Bruxism is often defined as the grinding and clinching of the teeth. Bruxism has taken about 30 to 40 million people in the US, between both kids and adults. Some folks are accustomed these characteristic dental conducts and there are folks who grind their teeth even during sleep. This is called “nocturnal bruxism” or “sleep related bruxism”. Some other people might have this automatic practice of teeth grinding during the day. Bruxism is often associated with anxiety and stress, while some experts believe that bruxism is just a habit and nothing more than that.
Bruxism can be induced due to stress but also might be a spontaneous response due to misalignment of teeth. Bruxism can also be a sign of some of the rare neuromuscular diseases that involves the face. In certain rare cases, bruxism can be an after effect of certain medicines used for treating depression, such as Prozac, Paxil and Zoloft. People having habitual bruxism can even go through a breakage in fillings in restored teeth. When the teeth are rubbed together it causes the outer most enamel layers to erode thus, exposing the dentin, and causing tooth sensitivity. Severe bruxism can also be a common cause of dysfunction of the jaws, unexplained morning headaches and frustrating facial pain.
A few of the more common symptoms of bruxism are rhythmical tightening of your jaw muscles, grinding sounds while sleeping that might cause sleep disruptions for the person lying next to you, and an unexplained headache in the morning. Other symptoms include constraining or pain of the jaw muscles during the morning, long-lived facial pain, damaged teeth, breaking of fillings, injured gums as well as pain in the jaw joints.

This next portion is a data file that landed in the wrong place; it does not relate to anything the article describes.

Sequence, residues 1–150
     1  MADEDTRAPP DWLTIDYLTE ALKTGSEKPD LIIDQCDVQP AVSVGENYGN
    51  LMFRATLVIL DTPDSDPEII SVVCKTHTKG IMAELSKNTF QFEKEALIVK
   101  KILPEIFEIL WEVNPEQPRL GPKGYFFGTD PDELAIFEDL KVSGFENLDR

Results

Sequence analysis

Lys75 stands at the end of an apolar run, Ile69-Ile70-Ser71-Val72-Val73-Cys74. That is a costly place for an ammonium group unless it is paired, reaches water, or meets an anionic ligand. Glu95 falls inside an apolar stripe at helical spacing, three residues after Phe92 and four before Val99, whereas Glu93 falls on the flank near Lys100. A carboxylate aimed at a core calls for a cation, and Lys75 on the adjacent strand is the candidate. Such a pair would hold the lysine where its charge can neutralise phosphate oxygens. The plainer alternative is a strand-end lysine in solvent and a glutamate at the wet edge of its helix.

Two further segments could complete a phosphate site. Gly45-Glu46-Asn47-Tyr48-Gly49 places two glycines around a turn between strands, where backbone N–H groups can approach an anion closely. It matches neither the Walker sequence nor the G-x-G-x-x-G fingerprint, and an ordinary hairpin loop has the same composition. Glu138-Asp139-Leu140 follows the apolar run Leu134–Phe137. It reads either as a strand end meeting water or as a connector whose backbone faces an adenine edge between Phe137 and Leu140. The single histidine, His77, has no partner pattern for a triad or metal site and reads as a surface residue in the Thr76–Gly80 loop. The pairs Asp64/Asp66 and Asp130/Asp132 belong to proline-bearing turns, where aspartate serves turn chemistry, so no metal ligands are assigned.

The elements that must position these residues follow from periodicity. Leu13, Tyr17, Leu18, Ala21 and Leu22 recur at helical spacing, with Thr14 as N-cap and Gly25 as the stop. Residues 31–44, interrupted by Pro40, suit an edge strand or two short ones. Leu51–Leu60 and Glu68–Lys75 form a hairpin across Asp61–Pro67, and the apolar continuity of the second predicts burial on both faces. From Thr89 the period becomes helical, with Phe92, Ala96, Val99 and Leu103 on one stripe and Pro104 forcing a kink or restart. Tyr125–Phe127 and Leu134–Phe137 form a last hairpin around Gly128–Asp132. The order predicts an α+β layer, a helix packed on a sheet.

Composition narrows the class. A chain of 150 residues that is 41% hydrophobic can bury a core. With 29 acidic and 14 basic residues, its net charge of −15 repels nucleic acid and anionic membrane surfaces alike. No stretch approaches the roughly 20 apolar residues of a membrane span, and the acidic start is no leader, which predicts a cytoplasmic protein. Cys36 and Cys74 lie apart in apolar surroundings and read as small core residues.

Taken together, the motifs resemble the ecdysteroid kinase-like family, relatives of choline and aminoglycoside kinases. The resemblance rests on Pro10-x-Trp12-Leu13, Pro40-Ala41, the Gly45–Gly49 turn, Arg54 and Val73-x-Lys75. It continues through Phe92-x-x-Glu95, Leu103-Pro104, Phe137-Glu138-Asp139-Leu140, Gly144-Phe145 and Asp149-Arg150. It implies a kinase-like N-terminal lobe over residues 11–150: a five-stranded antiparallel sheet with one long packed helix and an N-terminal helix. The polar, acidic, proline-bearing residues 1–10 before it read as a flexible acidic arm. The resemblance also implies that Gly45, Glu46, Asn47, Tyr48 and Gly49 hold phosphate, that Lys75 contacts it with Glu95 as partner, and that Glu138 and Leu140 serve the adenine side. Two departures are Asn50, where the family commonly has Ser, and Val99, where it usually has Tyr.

If you have been seeing any of these dental problems, you should see a dentist immediately because a dentist will be in the best position to determine if you are a teeth grinder and will suggest essential steps after evaluating you. Your tooth doctor might ask you some general questions pertaining to your dental health, about stress in your life and if you are under any medication. If you’re living with a mate, the dentist might also ask a few questions to him/her such as questions related to your sleeping habits, unusual sounds while sleeping, grinding sounds at night. After that, your dentist will closely observe you, paying attention to the mouth and the jaw regions.
During examination, your dentist will also check for any tenderness in the jaw muscles and the joints as well. Your dentist might further look for any other abnormalities like, broken teeth, hapless alignment of teeth or absent teeth.